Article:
Teaneck—Look around in the weeks before the Passover holiday and you will find a multitude of books and articles suggesting ways to stimulate discussion at the Seder. Now, that’s great for the adults, but if you try this with most kids, the Red Sea will come crashing down on you.
Many years ago, I read an article by a rabbi encouraging his congregation in the celebration of Sukkot. “Building a sukkah, decorating it, and eating in it,” he wrote, “... provides an experience that literally surrounds us... [and] engages all our senses... Those who build, decorate, and use succahs... will never have to explain [to their children] why Judaism is important to them.” (Rabbi Michael Hecht, Cleveland Jewish News, Sept 23, 1988). That was almost 30 years ago, but his words have remained with me ever since. While he focused on Sukkot, we should of course all realize he was truly talking about all the holidays.
Now, some holidays have the experiential built right in. On Sukkoth, we build a sukkah, we eat in it, and some of us may even sleep in it. On Purim, the kids dress up, they hear the megillah, they yell and scream at Haman, and they ride around with us as we deliver the mishloach manot. Pesach and the Seder, of course, are supposed to make for the quintessential experiential program —the reliving of Yetzi’at Mitzrayim—The Exodus from Egypt. But there is experiential and then there is experiential. We can sit at a formal table, dryly reading the haggadah, drinking the four cups and eating the requisite amount of matzah and maror. But if we do that, many of us (and many of our children) will look back at the Seder and remember it as it was, dry.
However, there really is no reason why the Seder can’t be both fun and engaging. Yes, it does take planning; yes, it does take effort. But it doesn’t take much, and once you see the excitement in your children’s eyes and those of your guests, you will never look at leaving Egypt the same way again.
When our kids were a little younger, they just loved a competition, even if it was as mundane as who would be the first upstairs for a bath. They just had to be first. And it was all that much sweeter if they came out ahead of their siblings. We’ve used this to our advantage in our seders by printing “Passover Points,” colorful currency that is passed out with each question, answer, or song (or for no good reason whatsoever) to be redeemed at the end for prizes. This probably has got to be the number one idea of them all. Only now, as our kids have gotten older, has the excitement over Passover Points finally calmed down. “Our winner... is the Pesach points! Everyone loves them!” my cousin once wrote me from New Orleans.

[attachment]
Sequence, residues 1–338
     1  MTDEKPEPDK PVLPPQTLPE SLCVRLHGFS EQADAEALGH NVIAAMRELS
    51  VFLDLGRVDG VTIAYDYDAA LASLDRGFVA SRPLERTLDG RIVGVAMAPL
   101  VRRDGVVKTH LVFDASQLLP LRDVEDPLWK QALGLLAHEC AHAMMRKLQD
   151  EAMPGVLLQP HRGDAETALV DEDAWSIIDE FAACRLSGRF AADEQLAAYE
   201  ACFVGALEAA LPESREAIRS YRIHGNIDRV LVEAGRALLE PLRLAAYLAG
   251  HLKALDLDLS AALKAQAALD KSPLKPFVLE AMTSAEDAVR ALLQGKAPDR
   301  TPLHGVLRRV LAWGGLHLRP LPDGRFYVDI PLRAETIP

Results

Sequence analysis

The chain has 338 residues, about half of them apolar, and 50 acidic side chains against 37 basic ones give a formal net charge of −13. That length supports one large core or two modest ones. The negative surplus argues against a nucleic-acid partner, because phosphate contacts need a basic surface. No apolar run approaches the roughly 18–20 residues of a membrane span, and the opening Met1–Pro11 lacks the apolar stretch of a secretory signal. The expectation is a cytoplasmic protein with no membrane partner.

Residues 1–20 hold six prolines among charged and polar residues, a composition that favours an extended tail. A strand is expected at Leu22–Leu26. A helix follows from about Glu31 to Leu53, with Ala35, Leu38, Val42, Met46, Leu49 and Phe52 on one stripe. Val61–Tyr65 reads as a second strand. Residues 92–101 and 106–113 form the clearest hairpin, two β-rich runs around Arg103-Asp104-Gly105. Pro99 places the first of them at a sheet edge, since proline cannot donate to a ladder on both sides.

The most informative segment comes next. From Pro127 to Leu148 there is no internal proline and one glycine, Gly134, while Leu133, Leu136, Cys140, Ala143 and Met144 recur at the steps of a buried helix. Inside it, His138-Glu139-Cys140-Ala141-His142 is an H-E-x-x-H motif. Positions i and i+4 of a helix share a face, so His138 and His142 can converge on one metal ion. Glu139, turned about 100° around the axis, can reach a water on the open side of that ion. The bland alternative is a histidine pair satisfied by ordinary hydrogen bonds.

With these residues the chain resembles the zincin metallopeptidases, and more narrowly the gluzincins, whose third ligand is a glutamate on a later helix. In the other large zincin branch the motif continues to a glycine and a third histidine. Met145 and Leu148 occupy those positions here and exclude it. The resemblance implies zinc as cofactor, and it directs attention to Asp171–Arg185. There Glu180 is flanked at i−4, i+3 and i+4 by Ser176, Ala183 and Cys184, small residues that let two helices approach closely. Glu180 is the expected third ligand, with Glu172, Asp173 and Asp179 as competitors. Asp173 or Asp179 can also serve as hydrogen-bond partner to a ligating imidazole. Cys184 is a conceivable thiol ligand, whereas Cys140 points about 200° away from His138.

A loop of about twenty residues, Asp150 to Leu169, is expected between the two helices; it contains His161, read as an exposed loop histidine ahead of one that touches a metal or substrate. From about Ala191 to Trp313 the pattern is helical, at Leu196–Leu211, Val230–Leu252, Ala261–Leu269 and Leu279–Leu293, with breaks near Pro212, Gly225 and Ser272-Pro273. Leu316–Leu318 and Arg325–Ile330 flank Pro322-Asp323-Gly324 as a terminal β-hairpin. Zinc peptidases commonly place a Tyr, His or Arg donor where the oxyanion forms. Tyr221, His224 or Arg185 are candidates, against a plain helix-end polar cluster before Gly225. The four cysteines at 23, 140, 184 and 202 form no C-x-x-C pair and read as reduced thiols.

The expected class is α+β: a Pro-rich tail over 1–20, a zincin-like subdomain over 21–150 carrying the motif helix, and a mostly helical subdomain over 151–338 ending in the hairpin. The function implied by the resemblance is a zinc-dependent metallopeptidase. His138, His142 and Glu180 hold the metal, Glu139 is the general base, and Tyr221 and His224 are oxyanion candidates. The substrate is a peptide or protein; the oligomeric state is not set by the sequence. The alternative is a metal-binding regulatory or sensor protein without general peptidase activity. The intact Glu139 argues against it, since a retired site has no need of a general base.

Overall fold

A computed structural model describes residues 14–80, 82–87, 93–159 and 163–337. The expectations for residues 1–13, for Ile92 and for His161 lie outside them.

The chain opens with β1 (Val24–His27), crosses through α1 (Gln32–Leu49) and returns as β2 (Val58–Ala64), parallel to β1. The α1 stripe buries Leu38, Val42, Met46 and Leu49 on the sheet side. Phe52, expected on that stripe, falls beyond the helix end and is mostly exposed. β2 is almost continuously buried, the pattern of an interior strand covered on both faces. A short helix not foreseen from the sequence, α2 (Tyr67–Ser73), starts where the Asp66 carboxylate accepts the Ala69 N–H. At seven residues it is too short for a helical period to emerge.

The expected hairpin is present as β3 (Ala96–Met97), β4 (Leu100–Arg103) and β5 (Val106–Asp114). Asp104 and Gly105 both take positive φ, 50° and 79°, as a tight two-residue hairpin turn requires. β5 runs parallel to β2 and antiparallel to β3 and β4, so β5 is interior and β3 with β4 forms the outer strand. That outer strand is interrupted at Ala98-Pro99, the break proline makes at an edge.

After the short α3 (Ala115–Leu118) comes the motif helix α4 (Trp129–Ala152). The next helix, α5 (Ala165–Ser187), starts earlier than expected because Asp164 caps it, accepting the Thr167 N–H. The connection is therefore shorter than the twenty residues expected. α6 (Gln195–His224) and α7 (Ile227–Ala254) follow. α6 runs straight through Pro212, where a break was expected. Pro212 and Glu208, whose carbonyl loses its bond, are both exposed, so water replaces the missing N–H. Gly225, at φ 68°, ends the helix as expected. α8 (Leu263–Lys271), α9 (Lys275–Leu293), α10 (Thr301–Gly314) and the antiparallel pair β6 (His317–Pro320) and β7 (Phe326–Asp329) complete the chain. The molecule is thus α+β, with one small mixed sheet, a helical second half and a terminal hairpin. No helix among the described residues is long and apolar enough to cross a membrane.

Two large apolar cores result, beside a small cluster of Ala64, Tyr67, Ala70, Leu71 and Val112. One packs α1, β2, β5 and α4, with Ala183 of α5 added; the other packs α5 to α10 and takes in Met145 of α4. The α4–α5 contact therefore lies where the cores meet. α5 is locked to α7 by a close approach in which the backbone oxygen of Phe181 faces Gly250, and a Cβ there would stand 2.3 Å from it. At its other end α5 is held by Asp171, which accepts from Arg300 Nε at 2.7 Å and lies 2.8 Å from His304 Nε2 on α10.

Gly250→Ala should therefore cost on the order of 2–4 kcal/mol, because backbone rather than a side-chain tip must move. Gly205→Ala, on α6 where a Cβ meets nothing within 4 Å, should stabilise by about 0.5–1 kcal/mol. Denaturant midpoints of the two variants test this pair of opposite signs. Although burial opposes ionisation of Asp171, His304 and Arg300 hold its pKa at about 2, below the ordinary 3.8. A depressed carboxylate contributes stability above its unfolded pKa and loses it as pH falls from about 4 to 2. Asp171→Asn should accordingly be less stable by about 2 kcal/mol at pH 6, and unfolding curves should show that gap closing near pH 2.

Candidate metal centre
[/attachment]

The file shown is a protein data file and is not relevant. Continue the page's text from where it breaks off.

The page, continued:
Depending on the age and personality of your children, be prepared to cut the intellectual discussions short (there, I said it). Sure, it would be wonderful to have the neighbors knock on the door in the morning announcing it’s now time to recite the Sh’ma, but the real mitzvah is to pass the story and the experience of leaving Egypt on to the children. Many young children, although I would venture a guess most adults too, really cannot sit through a long discussion. They’re tired, they’re hungry, they want excitement, and as we all know, they want food. So be prepared to cut out the long discussions and just fly through those sections. There will come a time soon enough when the children are older and they will start the discussions themselves and you will be the one who wants to end early. But for now, keep it fluid, keep it exciting, keep it entertaining. Plan games and activities around and during the Seders. Singing is a must! Sing whatever parts of the Haggadah you can.